The Tropical Rainfall Measuring Mission satellite (TRMM) has been measuring Danielle's rainfall from space since it developed. On Monday, August 23 at 05:38 UTC (1:38 a.m. EDT) TRMM flew directly over Danielle and measured its rainfall with the TRMM Microwave Imager (TMI) instrument. At that time, there was a large area of moderate to heavy rainfall of over 50 mm/hr (~2 inches) in Danielle around it's center. The rainfall images are at NASA's Goddard Space Flight Center in Greenbelt, Md.

On August 23 at 16:17 UTC (12:17 p.m. EDT) an infrared image of Hurricane Danielle's clouds from the Atmospheric Infrared Sounder (AIRS) instrument aboard NASA's Aqua satellite showed a tightly compact cyclone. The strongest convection and thunderstorms appeared as a large circle in the inside of the storm. The thunderstorms were so high, and powerful that the infrared data measured their temperatures as cold as or colder than -63 Fahrenheit. NASA's Jet Propulsion Laboratory in Pasadena, Calif. creates the images from the AIRS instrument.

Another instrument on NASA's Aqua satellite helped find the center of Danielle early this morning. At 04:34 UTC (12:34 a.m. EDT), Danielle's eye (that developed yesterday) was no longer evident, indicating that it was obscured by clouds. Using the Advanced Microwave Scanning Radiometer - Earth Observing System (AMSR-E) instrument that flies on Aqua, microwave imagery helped locate the center and confirmed that Danielle's center was just left of the previous estimate.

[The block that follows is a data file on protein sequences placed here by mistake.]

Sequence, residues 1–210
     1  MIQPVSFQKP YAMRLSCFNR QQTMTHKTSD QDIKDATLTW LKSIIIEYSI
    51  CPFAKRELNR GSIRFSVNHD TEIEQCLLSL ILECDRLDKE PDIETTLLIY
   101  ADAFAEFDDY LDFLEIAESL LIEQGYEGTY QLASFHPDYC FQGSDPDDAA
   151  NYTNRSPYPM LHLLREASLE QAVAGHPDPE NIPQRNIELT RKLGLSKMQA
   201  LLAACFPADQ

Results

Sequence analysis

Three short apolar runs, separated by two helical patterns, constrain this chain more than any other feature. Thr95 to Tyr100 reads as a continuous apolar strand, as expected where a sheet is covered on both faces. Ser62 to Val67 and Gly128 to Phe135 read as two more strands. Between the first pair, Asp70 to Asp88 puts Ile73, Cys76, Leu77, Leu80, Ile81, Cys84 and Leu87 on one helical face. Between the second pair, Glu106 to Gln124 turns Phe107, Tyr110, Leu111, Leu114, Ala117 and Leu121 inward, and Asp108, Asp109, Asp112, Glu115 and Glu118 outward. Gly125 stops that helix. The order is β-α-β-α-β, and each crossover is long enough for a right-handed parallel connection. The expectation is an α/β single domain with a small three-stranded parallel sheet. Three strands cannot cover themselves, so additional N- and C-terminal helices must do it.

One hour and fifteen minutes after Aqua's AIRS instrument captured an infrared image, the Moderate Resolution Imaging Spectroradiometer (MODIS) instrument on NASA's Terra satellite captured a high-resolution visible image of Danielle. MODIS images are created by the MODIS Rapid Response Team at NASA Goddard. The data that was captured on August 23 at 1:50 p.m. EDT also showed a compact, rounded, tropical storm Danielle. Danielle became a hurricane just over three hours later.

At 5 a.m. EDT on August 24, Danielle became a category 2 hurricane with maximum sustained winds of 100 mph. Hurricane-force winds currently extend 30 miles out from the center, while tropical storm-force winds extend 115 miles from the center.

Danielle is moving west at 20 mph, and was still far away from land areas. Danielle's center was located about 1,110 miles east of the Lesser Antilles near 15.9 North and 44.6 West. A turn toward the west-northwest and then northwest is expected by early Wednesday, according to the National Hurricane Center, Miami, Fla. Danielle's estimated minimum central pressure is 973 millibars.